39. The supplement of claim 36, wherein the long-chain polysaccharides comprises from about 1 to about 10 weight percent of each of isolated and purified galactose, glucose, mannose, N-acetylneuraminic acid, fucose, N-acetylgalactosamine, N-acetylglucosamine and xylose.

40. A method of making a modified-release dietary supplement comprising the steps of:

mixing one or more long-chain polysaccharides and a nutritionally effective amount of one or more nutritional supplements selected from anti-oxidants, vitamins, minerals, amino acids, nucleic acids, saccharides, herbal extracts, mixtures and combinations thereof, and
compressing the supplement at a pressure greater than 2,000 psi

41. The method of claim 40, wherein the supplement is placed inside an external capsule, a vegetable capsule or a hard gelatin capsule.

42. The method of claim 40, wherein about 85% of the nutritional supplements are released from between about 1 to about 8 hours.

43. The method of claim 40, wherein about 85% of the nutritional supplements are released from between about 2 to about 6 hours.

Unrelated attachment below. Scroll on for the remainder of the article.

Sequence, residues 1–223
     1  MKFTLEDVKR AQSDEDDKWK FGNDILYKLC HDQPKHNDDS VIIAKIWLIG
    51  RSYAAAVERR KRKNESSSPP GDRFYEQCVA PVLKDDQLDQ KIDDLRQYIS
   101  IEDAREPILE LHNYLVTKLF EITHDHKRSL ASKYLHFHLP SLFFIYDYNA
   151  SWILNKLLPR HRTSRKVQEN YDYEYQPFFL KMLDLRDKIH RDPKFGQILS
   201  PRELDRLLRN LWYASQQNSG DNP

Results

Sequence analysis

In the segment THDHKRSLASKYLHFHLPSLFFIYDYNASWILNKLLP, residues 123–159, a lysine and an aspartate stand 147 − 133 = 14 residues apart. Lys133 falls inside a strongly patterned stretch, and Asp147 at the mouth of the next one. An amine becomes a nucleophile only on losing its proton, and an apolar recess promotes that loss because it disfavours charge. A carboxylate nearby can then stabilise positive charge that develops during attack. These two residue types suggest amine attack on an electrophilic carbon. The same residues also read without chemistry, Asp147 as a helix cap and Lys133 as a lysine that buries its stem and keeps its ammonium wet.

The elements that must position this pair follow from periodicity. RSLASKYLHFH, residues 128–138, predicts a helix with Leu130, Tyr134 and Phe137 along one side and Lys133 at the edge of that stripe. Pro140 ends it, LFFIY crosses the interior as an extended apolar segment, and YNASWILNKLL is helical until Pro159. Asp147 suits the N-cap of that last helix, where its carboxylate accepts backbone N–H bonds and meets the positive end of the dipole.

44. The method of claim 40, wherein the supplement further comprises one or more excipients.

45. The method of claim 40, wherein the long-chain polysaccharides are selected from galactose, galactosamine, glucosamine, glucose, mannose, acetylated-mannose, N-acetylneuraminic acid, fucose, N-acetylgalactosamine, N-acetylglucosamine and xylose or combinations thereof.

46. The method of claim 40, wherein the supplement is compressed at a pressure between about 2,000 to 10,000 psi.

47. The method of claim 40, wherein the supplement is compressed at a pressure between about 5,000 to 10,000 psi.

48. The method of claim 40, wherein the supplement is compressed at a pressure of greater than 10,000 psi.

49. The method of claim 40, wherein the compression is by roller compaction.

50. The method of claim 40, wherein the one or more long-chain polysaccharides comprises from about 0.1 to about 75 weight percent of each of isolated and purified galactose, glucose, mannose, N-acetylneuraminic acid, fucose, N-acetylgalactosamine, N-acetylglucosamine and xylose.